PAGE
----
A serious introspection will be warranted to reflect upon the deficiencies in selling our geo-contextual history in a way that sits neatly with the national interests of major powers. This necessity, apart from sustaining prevailing political enterprise, will work however by first putting own house in order. This can only be achieved by transcending from moral afflictions by political elites, and misogyny and bigotry by religious enclaves.
Needless to say, that proxies would require gradual reintegration and rehabilitation for which keen international stakeholders can be found. The public pronouncement of this measure by itself will likely neutralize good-bad Taliban dichotomy. Similarly, Afghan peace process must be fully supported and helped to ensure early repatriation of refugees and the militants.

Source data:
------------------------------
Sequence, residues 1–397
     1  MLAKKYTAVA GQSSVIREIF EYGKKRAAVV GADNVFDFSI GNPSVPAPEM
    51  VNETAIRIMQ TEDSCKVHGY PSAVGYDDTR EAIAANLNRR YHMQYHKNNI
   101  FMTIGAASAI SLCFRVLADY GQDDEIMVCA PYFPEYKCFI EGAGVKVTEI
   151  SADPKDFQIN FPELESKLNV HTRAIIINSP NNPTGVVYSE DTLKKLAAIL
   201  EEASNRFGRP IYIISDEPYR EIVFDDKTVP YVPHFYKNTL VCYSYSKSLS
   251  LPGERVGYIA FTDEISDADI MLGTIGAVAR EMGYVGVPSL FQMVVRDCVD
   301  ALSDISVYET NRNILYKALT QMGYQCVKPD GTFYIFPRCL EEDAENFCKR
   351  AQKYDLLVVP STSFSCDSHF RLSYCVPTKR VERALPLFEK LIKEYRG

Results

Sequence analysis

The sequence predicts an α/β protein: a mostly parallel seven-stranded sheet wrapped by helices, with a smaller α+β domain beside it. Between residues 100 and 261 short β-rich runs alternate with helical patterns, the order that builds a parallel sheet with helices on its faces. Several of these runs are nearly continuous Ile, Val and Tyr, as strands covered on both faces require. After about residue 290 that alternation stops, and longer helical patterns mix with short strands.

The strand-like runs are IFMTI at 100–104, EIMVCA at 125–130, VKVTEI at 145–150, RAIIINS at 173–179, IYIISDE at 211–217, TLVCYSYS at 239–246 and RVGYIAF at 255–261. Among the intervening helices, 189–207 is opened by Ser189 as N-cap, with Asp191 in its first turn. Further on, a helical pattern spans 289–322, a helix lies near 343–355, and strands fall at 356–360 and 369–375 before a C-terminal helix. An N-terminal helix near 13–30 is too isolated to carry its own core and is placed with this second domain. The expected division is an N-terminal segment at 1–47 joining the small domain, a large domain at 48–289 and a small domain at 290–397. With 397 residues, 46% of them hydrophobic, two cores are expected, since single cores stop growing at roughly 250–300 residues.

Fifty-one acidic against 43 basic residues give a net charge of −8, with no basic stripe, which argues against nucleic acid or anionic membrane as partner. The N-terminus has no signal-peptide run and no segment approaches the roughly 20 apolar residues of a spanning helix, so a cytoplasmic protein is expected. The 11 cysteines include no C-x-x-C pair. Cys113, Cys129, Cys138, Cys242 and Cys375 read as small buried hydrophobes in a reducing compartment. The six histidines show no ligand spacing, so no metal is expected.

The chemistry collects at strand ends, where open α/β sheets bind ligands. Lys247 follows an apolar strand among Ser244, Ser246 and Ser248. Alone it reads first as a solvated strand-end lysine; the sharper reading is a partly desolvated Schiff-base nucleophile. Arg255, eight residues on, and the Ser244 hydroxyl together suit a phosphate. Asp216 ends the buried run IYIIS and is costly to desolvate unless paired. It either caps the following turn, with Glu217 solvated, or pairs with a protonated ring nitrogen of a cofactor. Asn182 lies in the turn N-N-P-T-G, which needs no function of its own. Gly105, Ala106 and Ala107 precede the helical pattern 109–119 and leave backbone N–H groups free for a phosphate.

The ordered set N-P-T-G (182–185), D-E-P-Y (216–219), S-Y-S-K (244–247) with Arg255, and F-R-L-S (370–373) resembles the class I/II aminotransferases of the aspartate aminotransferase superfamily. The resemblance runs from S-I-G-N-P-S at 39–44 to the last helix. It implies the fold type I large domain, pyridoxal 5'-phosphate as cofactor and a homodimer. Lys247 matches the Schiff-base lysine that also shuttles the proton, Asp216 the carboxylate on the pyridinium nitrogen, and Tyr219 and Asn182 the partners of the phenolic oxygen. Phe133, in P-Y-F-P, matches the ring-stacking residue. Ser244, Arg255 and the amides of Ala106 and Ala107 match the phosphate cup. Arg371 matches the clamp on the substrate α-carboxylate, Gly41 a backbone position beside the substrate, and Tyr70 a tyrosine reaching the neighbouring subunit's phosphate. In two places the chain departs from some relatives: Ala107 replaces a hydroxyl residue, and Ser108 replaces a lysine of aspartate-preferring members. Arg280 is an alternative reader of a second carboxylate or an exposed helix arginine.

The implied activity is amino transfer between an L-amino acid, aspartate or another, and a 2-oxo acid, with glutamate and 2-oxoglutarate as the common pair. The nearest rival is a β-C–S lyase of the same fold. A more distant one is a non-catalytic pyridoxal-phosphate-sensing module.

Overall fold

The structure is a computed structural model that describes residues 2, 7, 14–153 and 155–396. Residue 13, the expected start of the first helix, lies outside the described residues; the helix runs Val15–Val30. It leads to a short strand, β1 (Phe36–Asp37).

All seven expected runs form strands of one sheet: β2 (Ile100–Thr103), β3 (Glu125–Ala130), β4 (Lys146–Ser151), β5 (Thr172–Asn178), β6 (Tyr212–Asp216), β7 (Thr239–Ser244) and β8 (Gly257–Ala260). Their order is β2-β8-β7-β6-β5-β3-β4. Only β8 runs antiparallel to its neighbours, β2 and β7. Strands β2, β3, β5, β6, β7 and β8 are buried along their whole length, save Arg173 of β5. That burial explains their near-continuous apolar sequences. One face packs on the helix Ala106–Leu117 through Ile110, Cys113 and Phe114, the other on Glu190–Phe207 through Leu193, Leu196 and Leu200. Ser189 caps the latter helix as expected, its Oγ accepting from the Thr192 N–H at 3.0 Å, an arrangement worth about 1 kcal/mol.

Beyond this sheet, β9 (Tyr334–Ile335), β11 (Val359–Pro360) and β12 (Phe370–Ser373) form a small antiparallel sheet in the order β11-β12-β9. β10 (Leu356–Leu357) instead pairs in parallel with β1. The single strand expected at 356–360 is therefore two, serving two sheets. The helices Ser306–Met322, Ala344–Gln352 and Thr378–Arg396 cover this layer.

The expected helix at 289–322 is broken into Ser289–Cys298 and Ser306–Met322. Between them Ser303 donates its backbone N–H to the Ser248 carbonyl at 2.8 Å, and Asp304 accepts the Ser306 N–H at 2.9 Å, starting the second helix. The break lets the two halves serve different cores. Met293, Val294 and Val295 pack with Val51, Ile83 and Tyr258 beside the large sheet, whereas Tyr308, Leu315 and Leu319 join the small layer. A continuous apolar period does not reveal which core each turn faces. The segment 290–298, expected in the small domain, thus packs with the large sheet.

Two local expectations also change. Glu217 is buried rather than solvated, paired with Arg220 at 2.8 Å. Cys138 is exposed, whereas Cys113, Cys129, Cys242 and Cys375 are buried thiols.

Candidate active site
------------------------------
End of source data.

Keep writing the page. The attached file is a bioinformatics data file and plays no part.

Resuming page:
Finally, in case there is the expectation that objective ramifications and concerns engendered by terrorism in Pakistan should be shared by the broader world community, some genuine concerns such as alleged involvement of Pakistani-based transnational organization in acts of illegitimate violence i.e. involving killing of innocent and unarmed civilians, will need to be addressed as a precursor.
It might sound disquieting, but there is no second route to creating space for a reckonable diplomatic leverage for mutual cordiality with other nations as well as to resolve the Kashmir issue.
Muhammad Feyyaz teaches research methodology, peace and conflict and terrorism studies, at the University of Management and Technology, Lahore. He can be contacted at firstname.lastname@example.org and tweets @faizy681.